As a rule, we include children and adolescents in our work. We use integrative family therapy, which may be defined as a coherent clinical synthesis of the more individually oriented behavior therapy and psychodynamic therapy with a broader family-systems orientation that maintains the integrity of all 3 theoretical approaches while addressing the treatment needs of youths and their families (cf 21,23,24). The aim of this study was to find out whether the use of ambulant family therapy is effective as a monotherapy in reducing anger and improving behavior, interpersonal relationships, and health-related quality of life in young male youths who stand out on account of their bullying behavior.
Selection and Description of Participants
A total of 320 families within a radius of 20 km from the clinic were selected for this study with random numbers from an Excel table. Between 1998 and 2003, trained staff contacted 302 of these families by telephone. The male adolescents from these families, if indeed there were any, were asked about any possible, subjectively felt aggressiveness as a result of intrafamilial conflicts. They were specifically questioned about their situation at home, their relationships to their parents and siblings, and their conflict behavior. In addition, the first aggression screening by means of the State-Trait Anger Expression Inventory (STAXI; see below) was conducted by telephone. Nonresponders were those who could not be contacted, although up to 5 attempts were made to do so at different times of day, or who refused an interview.
The study's inclusion criteria were age between 14 and 16 years and bullying behavior of at least 6 months' duration. Exclusion criteria were psychotic illnesses, liability to prosecution, use of psychotropic medication and/or psychotherapy, or current use of narcotics. Sixty-nine male youths, who were assessed after the telephone interview as potentially meeting the inclusion criteria (Fig 1), were invited with their families to participate in a face-to-face interview and were tested with STAXI, the Inventory of Interpersonal Problems (IIP-D), and the SF-36 Health Survey (SF-36; see below).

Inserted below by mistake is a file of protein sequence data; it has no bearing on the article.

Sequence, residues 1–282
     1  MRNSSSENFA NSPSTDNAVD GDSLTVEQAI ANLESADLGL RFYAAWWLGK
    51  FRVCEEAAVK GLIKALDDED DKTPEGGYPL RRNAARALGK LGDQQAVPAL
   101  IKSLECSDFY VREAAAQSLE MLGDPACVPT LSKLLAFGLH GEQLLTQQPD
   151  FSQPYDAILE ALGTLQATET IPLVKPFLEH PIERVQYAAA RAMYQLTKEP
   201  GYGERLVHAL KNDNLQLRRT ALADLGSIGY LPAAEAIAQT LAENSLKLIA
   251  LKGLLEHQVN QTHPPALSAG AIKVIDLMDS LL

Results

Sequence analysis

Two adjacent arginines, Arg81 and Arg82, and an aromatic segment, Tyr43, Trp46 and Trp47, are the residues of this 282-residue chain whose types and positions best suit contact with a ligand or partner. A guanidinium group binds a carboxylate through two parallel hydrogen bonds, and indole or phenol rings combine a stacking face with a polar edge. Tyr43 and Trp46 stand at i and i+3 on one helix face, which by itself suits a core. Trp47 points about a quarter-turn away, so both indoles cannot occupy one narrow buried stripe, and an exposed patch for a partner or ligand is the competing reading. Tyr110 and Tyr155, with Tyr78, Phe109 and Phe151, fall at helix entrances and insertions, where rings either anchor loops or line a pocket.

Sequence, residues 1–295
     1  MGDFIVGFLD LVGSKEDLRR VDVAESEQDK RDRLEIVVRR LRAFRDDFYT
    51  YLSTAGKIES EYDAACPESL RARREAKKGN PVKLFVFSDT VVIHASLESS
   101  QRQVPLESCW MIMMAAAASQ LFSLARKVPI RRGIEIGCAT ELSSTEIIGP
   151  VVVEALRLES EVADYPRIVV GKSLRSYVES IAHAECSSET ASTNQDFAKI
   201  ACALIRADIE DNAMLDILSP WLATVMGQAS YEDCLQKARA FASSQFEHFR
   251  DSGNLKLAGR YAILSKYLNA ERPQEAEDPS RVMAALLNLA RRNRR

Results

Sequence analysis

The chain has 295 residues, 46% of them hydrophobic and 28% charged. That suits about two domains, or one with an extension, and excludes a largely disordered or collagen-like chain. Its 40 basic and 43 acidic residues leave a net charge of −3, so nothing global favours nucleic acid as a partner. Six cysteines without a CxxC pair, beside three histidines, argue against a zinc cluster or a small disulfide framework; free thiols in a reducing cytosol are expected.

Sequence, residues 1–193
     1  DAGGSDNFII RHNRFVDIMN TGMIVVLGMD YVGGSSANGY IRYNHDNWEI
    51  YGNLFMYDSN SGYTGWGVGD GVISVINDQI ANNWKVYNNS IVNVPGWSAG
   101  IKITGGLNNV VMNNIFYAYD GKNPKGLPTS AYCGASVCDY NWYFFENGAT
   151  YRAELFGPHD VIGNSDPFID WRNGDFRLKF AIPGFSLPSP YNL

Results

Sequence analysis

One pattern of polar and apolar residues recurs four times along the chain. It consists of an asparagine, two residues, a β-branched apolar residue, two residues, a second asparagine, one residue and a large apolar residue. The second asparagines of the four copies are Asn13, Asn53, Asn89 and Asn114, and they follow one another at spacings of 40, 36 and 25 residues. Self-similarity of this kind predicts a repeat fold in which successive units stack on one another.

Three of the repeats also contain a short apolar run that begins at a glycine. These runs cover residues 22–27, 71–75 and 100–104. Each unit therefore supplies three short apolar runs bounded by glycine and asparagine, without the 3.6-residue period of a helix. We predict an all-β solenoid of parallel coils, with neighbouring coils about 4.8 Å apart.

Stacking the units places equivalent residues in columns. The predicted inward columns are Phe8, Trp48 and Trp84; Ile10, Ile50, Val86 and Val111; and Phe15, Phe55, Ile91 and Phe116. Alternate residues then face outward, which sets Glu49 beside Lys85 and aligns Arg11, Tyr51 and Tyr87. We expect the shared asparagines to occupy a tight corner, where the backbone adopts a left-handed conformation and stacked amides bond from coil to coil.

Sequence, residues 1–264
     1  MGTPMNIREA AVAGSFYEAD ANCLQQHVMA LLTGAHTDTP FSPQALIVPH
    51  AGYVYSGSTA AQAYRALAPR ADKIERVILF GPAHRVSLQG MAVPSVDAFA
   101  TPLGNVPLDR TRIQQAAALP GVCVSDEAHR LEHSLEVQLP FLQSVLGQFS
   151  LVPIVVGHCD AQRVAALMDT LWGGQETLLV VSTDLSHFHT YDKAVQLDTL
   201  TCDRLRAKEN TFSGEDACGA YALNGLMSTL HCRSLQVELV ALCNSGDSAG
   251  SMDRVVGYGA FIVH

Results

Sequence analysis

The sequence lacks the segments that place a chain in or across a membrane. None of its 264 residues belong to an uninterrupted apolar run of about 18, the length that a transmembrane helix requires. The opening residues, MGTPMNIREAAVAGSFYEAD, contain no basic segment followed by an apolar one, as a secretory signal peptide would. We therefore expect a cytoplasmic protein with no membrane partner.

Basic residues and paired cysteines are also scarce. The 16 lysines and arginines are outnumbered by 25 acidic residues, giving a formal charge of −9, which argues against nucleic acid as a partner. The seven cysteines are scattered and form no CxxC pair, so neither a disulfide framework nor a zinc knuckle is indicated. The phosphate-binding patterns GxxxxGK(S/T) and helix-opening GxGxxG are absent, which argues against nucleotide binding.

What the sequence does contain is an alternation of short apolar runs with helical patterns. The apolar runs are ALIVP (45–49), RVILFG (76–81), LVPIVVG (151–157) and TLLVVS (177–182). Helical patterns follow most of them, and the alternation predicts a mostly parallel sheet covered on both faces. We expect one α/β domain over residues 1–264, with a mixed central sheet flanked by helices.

The necessary sample size was calculated for a type I error of 5% (z1 = 1.96) and a power analysis of 80% (z2 = 0.842), based on the mean value (m1 = 19.5 and m2 = 14.5) and SD (s1 = 6.4 and s2 = 5.3) for the Anger-Out scale of STAXI, which were obtained from a small pilot study. The formula is n (per group) = [(z1 + z2)2 × (s12 + s22)]/(m1 − m2).25 This resulted in a group size of n = 44. Twenty-two boys were randomly selected for a family therapy program (FamTh-G), and 22 were selected for the control group (CG), using Excel tables with random numbers (Fig 1). Both randomizations were performed confidentially by the clinic administration.
All families appeared for the first therapy date (the FamTh-G [38 parents, 22 adolescent subjects, and 11 younger siblings]; the CG [39 parents, 22 adolescent subjects, and 12 younger siblings]). When the parents were separated and the distances involved were reasonable, we tried to invite both parents. The subjects were reminded about the appointment 3 to 5 times by telephone.
The boys in both groups were Germans from a small-town, rural population, were in good physical health, and had a comparable mean age (FamTh-G: 15.2 ± 0.5 years; CG: 14.9 ± 0.5 years), and comparably many of them lived together with both parents (FamTh-G: n = 15 [68.2%]; CG: n = 16 [72.7%]). The principal wage earners in the families were white-collar workers or civil servants (FamTh-G: n = 14 [63.6%]; CG: n = 16 [72.7%]) and blue-collar workers (FamTh-G: n = 8 [36.4%]; CG: n = 6 [27.3%]); a number of them were unemployed at the time of the pretherapeutic survey (FamTh-G: n = 5 [22.3%]; CG: n = 6 [27.3%]; at this point in time, the unemployment rate in Bavaria was calculated at ∼3.5%). Conduct disorder (FamTh-G: n = 11 [50.0%]; CG: n = 10 [45.4%]), oppositional defiant disorder (FamTh-G: n = 9 [40.9%]; CG: n = 9 [40.9%]), borderline personality disorder (FamTh-G: n = 4 [18.2%]; CG: n = 5 [22.7%]), bulimia (FamTh-G: n = 2 [9.1%]; CG: n = 2 [9.1%]), and attention-deficit/hyperactivity disorder (FamTh-G: n = 2 [9.1%]; CG: n = 1 [4.5%]) were diagnosed according to the Diagnostic and Statistical Manual of Mental Disorders, Fourth Edition. Most boys (65.9%) met the criteria for >1 disorder.